Washington could slip back into a recession

Washington's chief economist says debt woes pose threat



OLYMPIA — Economic forecasters who had projected that Washington’s economy would begin accelerating in the months to come are now growing increasingly pessimistic, warning Thursday that the risk of slipping back into recession has grown significantly.

The state’s chief economist, Arun Raha, said the economy is struggling against headwinds caused by debt battles in the United States and Europe. He had previously forecast that those issues would only cause short-term troubles, but he now expects them to continue to damage consumer confidence and suppress the state’s recovery.

“It takes a lot to turn me pessimistic, but I have turned pessimistic now,” Raha said.

The Economic and Revenue Forecast Council said state tax collections are already 1.3 percent below a forecast issued in June, and Raha expects that gap to widen in the coming months. The June forecast projected that the state would have a $163 million buffer for the two-year budget cycle, but the weak tax collections in recent weeks have already wiped out about $30 million of that.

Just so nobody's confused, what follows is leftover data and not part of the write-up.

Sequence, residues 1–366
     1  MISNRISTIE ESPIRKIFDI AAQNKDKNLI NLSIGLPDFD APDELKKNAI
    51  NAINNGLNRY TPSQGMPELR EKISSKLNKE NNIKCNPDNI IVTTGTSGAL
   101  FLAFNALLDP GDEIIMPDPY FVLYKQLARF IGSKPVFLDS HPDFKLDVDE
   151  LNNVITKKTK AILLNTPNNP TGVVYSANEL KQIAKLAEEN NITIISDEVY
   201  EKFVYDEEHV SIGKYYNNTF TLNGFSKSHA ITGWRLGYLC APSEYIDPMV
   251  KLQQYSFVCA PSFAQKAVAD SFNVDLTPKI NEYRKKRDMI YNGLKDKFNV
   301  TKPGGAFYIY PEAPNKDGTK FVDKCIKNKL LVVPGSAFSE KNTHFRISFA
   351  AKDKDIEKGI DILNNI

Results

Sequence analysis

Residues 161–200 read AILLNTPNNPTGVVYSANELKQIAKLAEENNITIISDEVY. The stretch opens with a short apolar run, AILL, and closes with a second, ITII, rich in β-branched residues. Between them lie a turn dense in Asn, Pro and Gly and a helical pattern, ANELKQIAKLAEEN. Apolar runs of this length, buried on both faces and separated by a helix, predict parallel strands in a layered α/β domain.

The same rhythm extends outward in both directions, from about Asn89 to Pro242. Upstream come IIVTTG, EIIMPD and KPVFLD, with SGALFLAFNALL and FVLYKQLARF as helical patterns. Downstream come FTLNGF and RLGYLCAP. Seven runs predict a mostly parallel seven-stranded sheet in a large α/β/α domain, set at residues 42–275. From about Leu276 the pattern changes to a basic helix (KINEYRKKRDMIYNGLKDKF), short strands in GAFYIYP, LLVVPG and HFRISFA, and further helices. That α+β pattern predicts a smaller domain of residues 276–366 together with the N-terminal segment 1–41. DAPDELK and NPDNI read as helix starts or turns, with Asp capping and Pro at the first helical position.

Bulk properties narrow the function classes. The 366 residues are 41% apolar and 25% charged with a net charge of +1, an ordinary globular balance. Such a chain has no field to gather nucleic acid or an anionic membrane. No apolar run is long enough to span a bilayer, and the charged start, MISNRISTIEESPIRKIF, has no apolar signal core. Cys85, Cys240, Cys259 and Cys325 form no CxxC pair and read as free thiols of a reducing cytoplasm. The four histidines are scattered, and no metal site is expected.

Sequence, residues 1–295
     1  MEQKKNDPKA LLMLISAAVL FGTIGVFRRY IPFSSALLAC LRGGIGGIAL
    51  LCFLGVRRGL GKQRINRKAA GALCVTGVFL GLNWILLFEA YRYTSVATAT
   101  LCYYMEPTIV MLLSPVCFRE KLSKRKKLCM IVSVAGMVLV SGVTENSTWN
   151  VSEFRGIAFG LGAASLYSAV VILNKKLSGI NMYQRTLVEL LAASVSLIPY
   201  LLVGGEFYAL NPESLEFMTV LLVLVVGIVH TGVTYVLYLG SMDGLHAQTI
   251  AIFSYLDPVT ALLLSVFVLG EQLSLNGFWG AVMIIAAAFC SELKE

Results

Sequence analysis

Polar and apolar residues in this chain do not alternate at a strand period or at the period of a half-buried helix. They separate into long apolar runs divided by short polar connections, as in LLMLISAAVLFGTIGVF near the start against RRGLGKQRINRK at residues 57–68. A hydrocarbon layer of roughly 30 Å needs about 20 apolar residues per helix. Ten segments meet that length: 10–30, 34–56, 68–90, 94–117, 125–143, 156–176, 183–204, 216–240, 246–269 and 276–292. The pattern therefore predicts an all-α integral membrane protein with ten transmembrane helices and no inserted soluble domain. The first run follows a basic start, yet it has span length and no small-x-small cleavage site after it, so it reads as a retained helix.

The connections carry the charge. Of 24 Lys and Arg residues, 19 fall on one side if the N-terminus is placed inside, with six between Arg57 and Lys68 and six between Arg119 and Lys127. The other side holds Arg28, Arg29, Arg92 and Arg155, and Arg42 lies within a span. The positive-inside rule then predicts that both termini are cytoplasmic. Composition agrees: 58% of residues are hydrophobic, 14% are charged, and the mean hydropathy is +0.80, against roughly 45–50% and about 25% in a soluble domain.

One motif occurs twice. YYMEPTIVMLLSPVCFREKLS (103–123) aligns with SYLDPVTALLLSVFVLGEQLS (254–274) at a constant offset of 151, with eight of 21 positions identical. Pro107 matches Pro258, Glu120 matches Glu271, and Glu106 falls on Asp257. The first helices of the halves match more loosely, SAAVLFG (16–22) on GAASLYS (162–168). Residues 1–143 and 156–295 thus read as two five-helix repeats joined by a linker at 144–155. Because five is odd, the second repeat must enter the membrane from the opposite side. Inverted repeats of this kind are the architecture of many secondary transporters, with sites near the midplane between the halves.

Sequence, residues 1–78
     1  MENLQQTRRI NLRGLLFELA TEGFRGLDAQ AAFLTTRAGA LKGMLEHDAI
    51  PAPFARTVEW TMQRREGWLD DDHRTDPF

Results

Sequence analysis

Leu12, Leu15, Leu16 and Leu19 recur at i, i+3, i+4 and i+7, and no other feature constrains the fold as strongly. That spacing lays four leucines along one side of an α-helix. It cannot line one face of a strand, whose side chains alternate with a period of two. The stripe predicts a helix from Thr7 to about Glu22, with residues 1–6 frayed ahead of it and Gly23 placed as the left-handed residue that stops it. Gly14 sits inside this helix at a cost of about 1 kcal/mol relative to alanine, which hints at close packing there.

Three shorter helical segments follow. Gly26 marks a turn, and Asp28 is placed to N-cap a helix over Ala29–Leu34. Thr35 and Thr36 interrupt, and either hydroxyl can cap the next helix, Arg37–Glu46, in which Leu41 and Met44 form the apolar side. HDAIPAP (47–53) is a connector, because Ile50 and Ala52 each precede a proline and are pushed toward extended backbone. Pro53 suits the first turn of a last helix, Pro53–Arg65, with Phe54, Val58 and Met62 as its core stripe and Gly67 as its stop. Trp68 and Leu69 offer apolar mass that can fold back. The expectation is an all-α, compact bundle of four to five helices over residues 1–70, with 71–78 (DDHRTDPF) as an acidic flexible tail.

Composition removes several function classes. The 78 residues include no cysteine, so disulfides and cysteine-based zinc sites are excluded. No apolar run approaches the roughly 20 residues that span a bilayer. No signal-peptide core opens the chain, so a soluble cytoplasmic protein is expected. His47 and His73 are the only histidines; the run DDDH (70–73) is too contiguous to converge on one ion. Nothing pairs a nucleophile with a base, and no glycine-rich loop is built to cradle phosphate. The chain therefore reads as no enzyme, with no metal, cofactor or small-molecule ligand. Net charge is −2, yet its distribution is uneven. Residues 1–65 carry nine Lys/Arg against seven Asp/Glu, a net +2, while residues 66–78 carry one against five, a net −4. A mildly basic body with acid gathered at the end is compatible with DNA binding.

Raha will issue a new revenue forecast in September that lawmakers will watch closely in case it forces them back to Olympia to reassess the budget. Gov. Chris Gregoire has asked state agencies to prepare for the possibility of more budget cuts, asking them to prepare plans to trim spending by 5 percent and 10 percent.

‘Roller coaster ride’

Washington had an unemployment rate of 9.2 percent in June.

Forecasters no longer have any projection of when Washington’s economic recovery will be able to regain momentum. The debt troubles in Europe appear to be spreading, and the consequences of the United States’ credit rating downgrade by Standard & Poor’s could be lasting.

Raha said the past two weeks have drastically changed the outlook of the nation’s economy.

“It’s been like a wild roller coaster ride,” he said. “Not a very fun one, I might add.”